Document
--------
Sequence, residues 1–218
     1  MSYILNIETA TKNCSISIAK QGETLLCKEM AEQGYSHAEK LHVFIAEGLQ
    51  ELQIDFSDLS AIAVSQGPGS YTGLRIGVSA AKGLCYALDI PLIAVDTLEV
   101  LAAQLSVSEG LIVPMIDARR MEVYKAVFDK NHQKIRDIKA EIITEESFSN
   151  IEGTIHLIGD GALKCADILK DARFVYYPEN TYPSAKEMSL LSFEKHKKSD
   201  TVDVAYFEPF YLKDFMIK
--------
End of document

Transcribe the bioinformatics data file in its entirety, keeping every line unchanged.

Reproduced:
Sequence, residues 1–218
     1  MSYILNIETA TKNCSISIAK QGETLLCKEM AEQGYSHAEK LHVFIAEGLQ
    51  ELQIDFSDLS AIAVSQGPGS YTGLRIGVSA AKGLCYALDI PLIAVDTLEV
   101  LAAQLSVSEG LIVPMIDARR MEVYKAVFDK NHQKIRDIKA EIITEESFSN
   151  IEGTIHLIGD GALKCADILK DARFVYYPEN TYPSAKEMSL LSFEKHKKSD
   201  TVDVAYFEPF YLKDFMIK